By Anneke Hoekstra | @al_hoekstra
The first service I attended at NLF Avatar was the Independence Day service of 2013 - roughly one year and two weeks ago. I had been in India for three weeks, and I was trying to wrap my head around the first week of my new job, the mystery of the streets of Mumbai to a Westerner, and in general, life as an adult. I had just graduated from university, which meant I had left the safety, idealism and consistency of my college ministry and was ready for the real deal. I was ready to join a church all by myself, like the big girl I kept telling myself I was.
Growing up in the murky nebula that we’ll call “The Church,” I’ve got a bit of experience with the Sunday ritual of church-attending. My family attended church weekly (apart from when, in the winters, we’d spend our weekends in our other holy place: the mountains.) I’ve always loved church. When I was five, I taught myself how to read so I could sing along to hymns. In what I consider a blessing, It’s always been part of my life “routine.” At college, I found a church about 45 minutes away to which I would traipse two or three Sundays a month. The worship band was incredible, the pastor was passionate, and the congregation was fashionable. Senior year, two of my friends and I started meeting with a couple with three kids on a monthly basis in what the church called a “gospel community.” I am very grateful for the time I spent at this church and with these people.
This year at Avatar was different. It held a lot of firsts for me: my first time attending a congregation with people who are mostly not the same ethnicity as me, my first experience teaching Sunday School, my first “determine the relationship” meeting with a pastor and my new significant other, my first time consistently participating in singing on the worship band, my first trek during monsoon season, and several others. But most importantly, this year with Avatar was the first time that I - not my parents and by extension, me and my siblings - was really part of a church family. A close, crazy, occasionally challenging family, with all the quirks, frustrations and joys that any family has.
When I returned from the US after Christmas break and felt dreadfully homesick, it was a friend from Avatar who noticed how down and out I was and who prayed for me and then made me laugh all throughout lunch. Six months later, I came back from the US a day early just so I could reunite with the Avatar family sooner. When I want to learn more about Mumbai or Indian culture, I turn to my Avatar friends. When I need a reminder of the gospel and some mid-week laughs, I get to pray for, discuss the Bible with, and talk to the other members of the small group that meets in my neighborhood. These intimate relationships show me that church is so much more than a service to attend.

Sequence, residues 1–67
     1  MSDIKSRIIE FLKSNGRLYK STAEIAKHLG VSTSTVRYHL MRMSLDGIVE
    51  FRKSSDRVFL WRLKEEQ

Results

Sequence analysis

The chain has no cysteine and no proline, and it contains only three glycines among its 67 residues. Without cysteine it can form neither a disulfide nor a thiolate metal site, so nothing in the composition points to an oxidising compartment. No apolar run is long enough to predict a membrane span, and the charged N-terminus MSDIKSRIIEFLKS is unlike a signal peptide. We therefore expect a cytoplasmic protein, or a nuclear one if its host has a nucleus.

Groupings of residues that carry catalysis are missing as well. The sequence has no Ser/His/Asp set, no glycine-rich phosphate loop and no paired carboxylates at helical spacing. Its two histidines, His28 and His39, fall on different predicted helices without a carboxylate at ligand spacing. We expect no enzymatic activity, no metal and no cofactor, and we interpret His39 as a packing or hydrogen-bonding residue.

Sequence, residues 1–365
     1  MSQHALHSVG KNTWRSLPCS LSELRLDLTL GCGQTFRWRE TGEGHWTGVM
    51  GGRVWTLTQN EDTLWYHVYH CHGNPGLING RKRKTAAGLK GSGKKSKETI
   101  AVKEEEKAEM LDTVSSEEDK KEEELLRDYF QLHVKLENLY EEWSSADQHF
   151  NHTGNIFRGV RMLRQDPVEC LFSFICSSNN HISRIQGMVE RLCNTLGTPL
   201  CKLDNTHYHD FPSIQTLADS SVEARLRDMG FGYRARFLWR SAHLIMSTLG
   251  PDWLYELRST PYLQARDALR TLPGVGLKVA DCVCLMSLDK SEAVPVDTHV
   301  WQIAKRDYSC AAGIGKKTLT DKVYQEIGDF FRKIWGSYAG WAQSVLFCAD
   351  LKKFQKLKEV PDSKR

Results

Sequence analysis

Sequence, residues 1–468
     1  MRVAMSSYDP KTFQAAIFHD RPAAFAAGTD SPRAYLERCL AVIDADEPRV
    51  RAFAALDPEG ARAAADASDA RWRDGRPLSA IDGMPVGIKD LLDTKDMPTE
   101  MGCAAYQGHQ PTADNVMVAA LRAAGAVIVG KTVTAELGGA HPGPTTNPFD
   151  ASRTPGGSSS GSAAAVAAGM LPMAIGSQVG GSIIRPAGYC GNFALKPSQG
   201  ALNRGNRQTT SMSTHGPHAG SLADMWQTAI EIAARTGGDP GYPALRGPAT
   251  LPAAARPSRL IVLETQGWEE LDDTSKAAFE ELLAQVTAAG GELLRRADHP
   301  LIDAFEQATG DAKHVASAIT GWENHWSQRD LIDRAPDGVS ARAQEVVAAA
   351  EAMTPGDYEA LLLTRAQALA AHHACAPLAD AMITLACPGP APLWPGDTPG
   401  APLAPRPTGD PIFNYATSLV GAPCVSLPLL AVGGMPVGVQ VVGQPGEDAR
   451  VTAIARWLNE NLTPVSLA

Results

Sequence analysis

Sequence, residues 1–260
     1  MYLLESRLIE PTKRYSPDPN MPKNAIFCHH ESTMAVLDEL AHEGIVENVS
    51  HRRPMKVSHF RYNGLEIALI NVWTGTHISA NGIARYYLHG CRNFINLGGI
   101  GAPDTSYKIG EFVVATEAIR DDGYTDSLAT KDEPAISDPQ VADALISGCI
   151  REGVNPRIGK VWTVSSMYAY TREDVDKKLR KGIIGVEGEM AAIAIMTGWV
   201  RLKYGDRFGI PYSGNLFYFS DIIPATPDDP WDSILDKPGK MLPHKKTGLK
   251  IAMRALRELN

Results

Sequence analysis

Community is a wonderful, beautiful thing, and I am so glad I’ve found one here in Mumbai. The story could end here, but I want to challenge you, Reader, and myself to think about the church family as something more than just a surrogate family we see only once a week. It’s more than a routine.
The current series at Avatar is covering the importance of the modern-day worship service and its multiple facets: worship, the sermon, testimony, offering, fellowship and community, and communion. This past Sunday, we learned about how the worship service ought to pour out into our daily lives. In the speaker’s words, “We are called to worship daily, to give of ourselves daily, to be in fellowship regularly, to pray unceasingly, and to stay in the word always.”
Something I began to understand more this past year was the key role the Sunday service plays in allowing us to experience these various elements on a daily basis. Yes, the ritual is important, but God has revealed Himself to be much bigger than a routine. Without the support of others, our connection with God will not be as strong. Without exposing our hearts to God and repenting in light of His grace every Sunday, our fragile hearts will remain fragile and worse, cold. When we’re together, God engages with us. He delights in our weekly corporate activity.
The benefits of community are boundless. The freedom felt in making good music is incomparable. However, toward the end of the service on Sunday, the pastor warned against attending church with the wrong posture or intention. If I am only to come to see my friends, my heart posture isn’t right. If I am only to come to sing some pretty tunes, my heart posture isn’t right. If my heart is bent toward nothing but worshiping God, my heart is doing what it ought to. Honestly, I struggle to position my heart in complete adoration of God and God alone every time I walk into church. But attending Avatar over the past year, I’ve become increasingly aware of my intentions when I walk through those doors, help lead worship, or see the smiling faces of people I adore. These things matter, but I should primarily attend church to worship our Creator. If I am at a service at Avatar with this heart posture, I get to experience the astonishing beauty of the Gospel. And the more this happens, the more I desire it.
Thinking back to the Independence Day service of August 2013, I am overwhelmed with gladness that I found a group of people who can teach me how to posture my heart toward God with love, patience, and grace. Looking forward, I cannot wait to experience more of the joys and challenges of being part of this Christ-centered family.